A.B. Yehoshua's remarks at the recent conference of the American Jewish Committee predictably kicked up a storm on both sides of the ocean. In Israel people charged that it is not true that Israelis are indifferent to the fate of Diaspora Jewry, and in the United States they said that were it not for their continuous aid and staunch support on behalf of Israel, the country would not have survived. On both sides, again and as always, this was the usual paternalistic reaction. We know what is good for you, we help you. Without us you will not survive.
But Yehoshua's remarks about the relations between Israel and the Diaspora, as infuriating as they may be, disturb me less than the way he described his own identity: My identity is Israeli, he said. The Jewish religion does not play a role in my life; it is the territory and the language that build my identity.
This definition of identity grants a bill of divorcement to the Jewish people, to the Jewish heritage, to 3,000 years of culture, creativity, prayer, rituals and tradition.
This definition of identity grants a bill of divorcement to the Jewish people, to the Jewish heritage, to 3,000 years of culture, creativity, prayer, rituals, tradition and everything that is subsumed in the term Judaism, and shows a preference for the Israeli "nation," which "arose from the sea" 100 years ago. For Yehoshua -- and many, many others in Israel -- the only thing that is important, existential and relevant from the Jewish perspective is what happens here, in Israel; everything outside Israel is obsolete and its fate is to be lost. In making this claim, Yehoshua undermines and weakens the justification for the State of Israel.
The internal debate among us here on the question of the country's borders, and the discussion of the correct way to achieve peace in our region, derive entirely from the assumption that the State of Israel has a right to exist - morally, legally and historically. This assumption faces constant questioning. The Hamas people try to undermine it, as do many other leaders in the Palestinian and Arab world. And many intellectuals in the Western world, who have adopted the Arab narrative that sees in us an anachronistic remnant of old colonialism, also try to undermine this assumption. Facing these debilitating forces is the belief held by many others in the world in the Jewish people's right to a national state in its historical homeland. We can win the struggle between these two approaches only if we ourselves, those of us who live in Zion, believe this and feel this way.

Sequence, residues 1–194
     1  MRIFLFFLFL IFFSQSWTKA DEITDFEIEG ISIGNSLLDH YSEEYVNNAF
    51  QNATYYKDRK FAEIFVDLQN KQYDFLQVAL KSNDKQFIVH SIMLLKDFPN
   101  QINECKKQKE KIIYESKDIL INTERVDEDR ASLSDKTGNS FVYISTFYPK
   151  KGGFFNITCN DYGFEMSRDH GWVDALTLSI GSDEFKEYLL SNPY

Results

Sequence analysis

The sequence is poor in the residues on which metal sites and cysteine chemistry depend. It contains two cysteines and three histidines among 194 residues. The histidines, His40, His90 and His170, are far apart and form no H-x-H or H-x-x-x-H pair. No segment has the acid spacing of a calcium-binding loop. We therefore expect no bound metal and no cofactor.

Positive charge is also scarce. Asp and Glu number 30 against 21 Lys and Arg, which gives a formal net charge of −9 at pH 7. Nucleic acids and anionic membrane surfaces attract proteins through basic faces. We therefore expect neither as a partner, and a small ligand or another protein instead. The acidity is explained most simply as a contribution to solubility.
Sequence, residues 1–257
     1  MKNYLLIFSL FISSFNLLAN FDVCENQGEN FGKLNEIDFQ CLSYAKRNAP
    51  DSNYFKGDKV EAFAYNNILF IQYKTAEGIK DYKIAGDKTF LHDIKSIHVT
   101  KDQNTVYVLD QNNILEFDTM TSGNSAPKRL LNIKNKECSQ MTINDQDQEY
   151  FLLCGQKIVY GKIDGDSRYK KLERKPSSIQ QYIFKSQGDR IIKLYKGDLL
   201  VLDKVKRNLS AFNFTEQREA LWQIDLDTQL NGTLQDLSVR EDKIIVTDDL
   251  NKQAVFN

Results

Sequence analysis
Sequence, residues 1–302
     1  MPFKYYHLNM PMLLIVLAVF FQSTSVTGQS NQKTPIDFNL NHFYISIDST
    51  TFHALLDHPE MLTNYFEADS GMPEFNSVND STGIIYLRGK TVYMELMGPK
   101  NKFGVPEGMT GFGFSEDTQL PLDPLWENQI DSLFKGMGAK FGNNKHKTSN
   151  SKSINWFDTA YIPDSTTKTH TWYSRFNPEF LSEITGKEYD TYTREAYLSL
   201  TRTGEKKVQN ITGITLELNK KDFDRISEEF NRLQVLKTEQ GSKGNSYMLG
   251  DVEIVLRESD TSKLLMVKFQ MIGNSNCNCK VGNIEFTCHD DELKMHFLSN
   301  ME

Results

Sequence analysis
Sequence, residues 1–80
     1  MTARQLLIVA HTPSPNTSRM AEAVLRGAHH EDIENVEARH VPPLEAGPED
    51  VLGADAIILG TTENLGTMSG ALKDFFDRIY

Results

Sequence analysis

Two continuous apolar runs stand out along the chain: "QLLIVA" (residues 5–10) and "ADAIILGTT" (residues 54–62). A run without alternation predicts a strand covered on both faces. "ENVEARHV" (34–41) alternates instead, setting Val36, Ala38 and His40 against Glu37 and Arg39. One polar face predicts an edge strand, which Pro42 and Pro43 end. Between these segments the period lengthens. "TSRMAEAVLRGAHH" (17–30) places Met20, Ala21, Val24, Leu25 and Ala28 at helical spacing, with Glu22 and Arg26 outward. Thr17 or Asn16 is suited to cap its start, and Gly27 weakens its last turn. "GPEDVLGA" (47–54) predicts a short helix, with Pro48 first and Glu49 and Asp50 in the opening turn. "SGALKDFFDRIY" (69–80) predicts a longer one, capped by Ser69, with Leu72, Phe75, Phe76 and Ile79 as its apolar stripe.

Ultra-Orthodox disciples of the Gaon from Vilna who immigrated to the Land of Israel in the 18th century, Zionist socialists at the end of the 19th century, and assimilated Jews from Soviet Russia who fought for their right to immigrate at the end of the 20th century -- they had nothing in common with regard to their perception of the Jewish tradition. However, all of them saw themselves as partners in the realization of the same ancient dream, the ancient Jewish prayer to return to the Land of Israel. All of them saw themselves as part of a special people and of the unique historical process of the return to Zion. This belief was the source of their strength and the only guarantee of their success.
There is no Zionism without Judaism and there never has been. Just as the Israeli people has never had a right to the Land of Israel. Only the Jewish people. It was the Jewish people that received the Balfour Declaration, and it was they who were granted by the United Nations the legal right to establish a state. It was the Jewish people that returned to its ancient homeland, for which it had prayed and longed for, for 2,000 years. For if we are talking about the Israeli "people" -- how is the right of a "people" that has existed for about 100 years greater than or equal to that of the Palestinians, who have been living on their land for about 300 years? What really distinguishes it from other colonial projects that have vanished from the earth?
It was clear to Arafat that the historical connection that is anchored and based in Jewish tradition is the basis for the existence of the State of Israel.
The discussion of our right to the land and the war between our narrative and theirs is not a purely philosophical discussion. At least not in the eyes of the Palestinian leaders. When the leaders of Hamas, like Yasser Arafat in his day, were or are prepared to consider recognition of the fact of Israel's existence, but not its right to existence, they are not playing word games. That is why Arafat reiterated over and over again his supposedly historical claims with regard to the absence of the connection between the Temple Mount and the Jewish people. It was clear to him that the historical connection that is anchored and based in Jewish tradition is the basis for the existence of the State of Israel, and without it, the state will disappear, just as it "appeared from the sea."
The difference between Israeli identity according to Yehoshua and Jewish identity is exactly the difference between the fact of existence and the right to exist. The difference is between a group of people that lives on a piece of land and speaks the Hebrew language, and the descendants of a people that is scattered throughout the world, who have returned to their historic homeland.
If, heaven forbid, we cut ourselves off from the chain that links us to the Jewish people, if we cut ourselves off from 3,000 years of Judaism, if we cut ourselves off from being the realization of 2,000 years of Jewish hope -- for next year in Jerusalem -- then we will lose the right to our existence. And in losing that right, we will be lost.
Perhaps the Jews of the Diaspora were insulted by Yehoshua's blunt remarks, but we, the Jews of the Land of Israel, we must rise up against them, for this is a matter of the very fact of our existence.
This article originally appeared in Haaretz.